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Dual-Status Aliens: How to File Your US Income Tax Return

IJ ZemelmanOct-01-2015

 

Dual-status aliens face some unique circumstances when it comes to filing tax returns or reporting foreign accounts.

 

What is a dual-status alien?  A dual-status alien is an individual who is considered to have been both a resident and a nonresident of the United States in the same tax year.  This is generally caused by an immigration occurrence such as acquiring or revoking a Green Card, dealing with expatriation issues, or arriving or leaving with a visa.

 

Residents and nonresidents have different requirements when it comes to reporting income.  There are also different tax forms for residents and nonresidents.

 

US Residents are required to file an annual  U.S. federal tax return using one of the 1040 Forms.  Nonresidents file their income tax returns by using Form 1040NR.  For the period where dual status aliens are considered U.S. residents they are required to report their global income – regardless of where it came from.  For the nonresidency period of the tax year they are only required to report income that was earned in the United States.  With the exception of qualified dividends, US Residents are taxed at a progressive rate depending on the income level.  Nonresidents are also taxed on a progressive scale on income that has been earned in the United States.  Nonresidents are taxed at a rate of 30% for most types of income not effectively connected with the U.S. trade or business - unless the preferential Tax Treaty rate can be applied.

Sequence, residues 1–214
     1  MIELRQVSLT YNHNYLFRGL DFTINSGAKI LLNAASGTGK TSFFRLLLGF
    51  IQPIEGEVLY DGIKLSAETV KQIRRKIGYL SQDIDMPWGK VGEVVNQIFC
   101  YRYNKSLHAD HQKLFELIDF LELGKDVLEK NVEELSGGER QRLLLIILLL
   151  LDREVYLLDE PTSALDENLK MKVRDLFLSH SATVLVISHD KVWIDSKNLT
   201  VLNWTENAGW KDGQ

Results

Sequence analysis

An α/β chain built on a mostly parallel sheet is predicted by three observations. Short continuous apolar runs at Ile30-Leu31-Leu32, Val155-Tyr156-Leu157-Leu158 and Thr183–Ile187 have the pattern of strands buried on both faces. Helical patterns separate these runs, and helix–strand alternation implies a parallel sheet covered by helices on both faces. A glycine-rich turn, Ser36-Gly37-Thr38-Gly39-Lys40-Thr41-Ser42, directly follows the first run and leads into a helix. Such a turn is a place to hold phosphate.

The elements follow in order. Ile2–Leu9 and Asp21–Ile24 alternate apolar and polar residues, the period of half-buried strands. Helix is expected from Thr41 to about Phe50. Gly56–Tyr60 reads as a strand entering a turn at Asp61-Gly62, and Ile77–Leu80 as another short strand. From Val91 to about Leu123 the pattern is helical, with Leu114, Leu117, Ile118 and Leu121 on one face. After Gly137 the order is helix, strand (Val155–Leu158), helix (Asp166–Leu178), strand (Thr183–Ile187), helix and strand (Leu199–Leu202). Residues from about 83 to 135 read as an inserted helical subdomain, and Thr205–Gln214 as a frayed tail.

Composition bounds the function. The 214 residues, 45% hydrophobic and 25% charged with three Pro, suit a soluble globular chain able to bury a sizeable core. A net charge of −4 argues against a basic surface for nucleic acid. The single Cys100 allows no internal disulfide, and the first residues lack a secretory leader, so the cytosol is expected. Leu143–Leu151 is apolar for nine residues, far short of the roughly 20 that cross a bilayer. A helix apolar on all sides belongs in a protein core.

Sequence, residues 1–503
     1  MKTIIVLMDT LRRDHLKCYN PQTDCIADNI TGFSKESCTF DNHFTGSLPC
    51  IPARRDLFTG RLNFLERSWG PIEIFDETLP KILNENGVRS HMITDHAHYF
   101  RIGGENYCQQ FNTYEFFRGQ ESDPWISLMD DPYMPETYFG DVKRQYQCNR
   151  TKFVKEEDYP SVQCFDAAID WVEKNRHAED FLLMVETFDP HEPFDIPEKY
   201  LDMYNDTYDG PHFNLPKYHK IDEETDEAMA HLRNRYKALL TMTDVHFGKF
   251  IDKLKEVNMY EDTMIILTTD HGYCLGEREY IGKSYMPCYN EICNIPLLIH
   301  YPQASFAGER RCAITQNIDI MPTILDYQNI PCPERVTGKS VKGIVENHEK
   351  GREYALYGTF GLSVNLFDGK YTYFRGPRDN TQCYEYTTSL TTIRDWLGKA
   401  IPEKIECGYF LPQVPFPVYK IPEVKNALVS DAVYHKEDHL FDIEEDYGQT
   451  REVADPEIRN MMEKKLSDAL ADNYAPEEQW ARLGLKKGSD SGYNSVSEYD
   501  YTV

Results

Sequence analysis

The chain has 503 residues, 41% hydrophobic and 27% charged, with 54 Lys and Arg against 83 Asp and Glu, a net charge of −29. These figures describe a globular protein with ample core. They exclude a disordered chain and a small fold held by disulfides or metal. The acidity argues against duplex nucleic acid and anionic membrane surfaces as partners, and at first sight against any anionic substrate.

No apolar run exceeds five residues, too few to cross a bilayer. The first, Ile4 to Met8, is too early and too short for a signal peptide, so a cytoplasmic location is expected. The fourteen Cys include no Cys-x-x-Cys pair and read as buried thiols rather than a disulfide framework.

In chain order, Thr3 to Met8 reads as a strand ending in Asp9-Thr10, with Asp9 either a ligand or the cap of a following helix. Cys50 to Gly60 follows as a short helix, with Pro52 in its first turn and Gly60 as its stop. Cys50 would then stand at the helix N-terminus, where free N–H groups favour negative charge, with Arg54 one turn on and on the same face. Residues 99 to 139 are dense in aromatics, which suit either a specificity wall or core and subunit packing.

Self-employed US Residents are required to pay a self-employment tax in addition to the progressive tax rate mentioned above.  Self-employed nonresidents are not required to pay a U.S.self-employment tax.  The reason for the difference is that US Citizens are required to pay into the Social Security Program and the Medicare system.

 

The ability to claim deductions and credits are different for residents and nonresidents.  Residents have more options for reducing their tax liability than nonresidents have.

 

If a US Resident is married and/or has children, he/she can file a joint return and claim exemptions for children.  There are also a variety of other deductions that allows US Residents to reduce their income tax liability.  These deductions are in addition to the standard exemption available to a taxpayer.  There are also additional credits available to US Persons once the taxable income and tax due have been calculated.

 

Nonresidents don’t have the same deductions and credits available.  Nonresidents are unable to get an additional break from their taxes for their spouse or children.  The only thing that nonresidents are able to deduct are expenses associated with the mission of earning US-sourced income.

 

Dual-status citizens must submit two income tax returns – each consistent with the tax rules and concessions allowed for each resident status.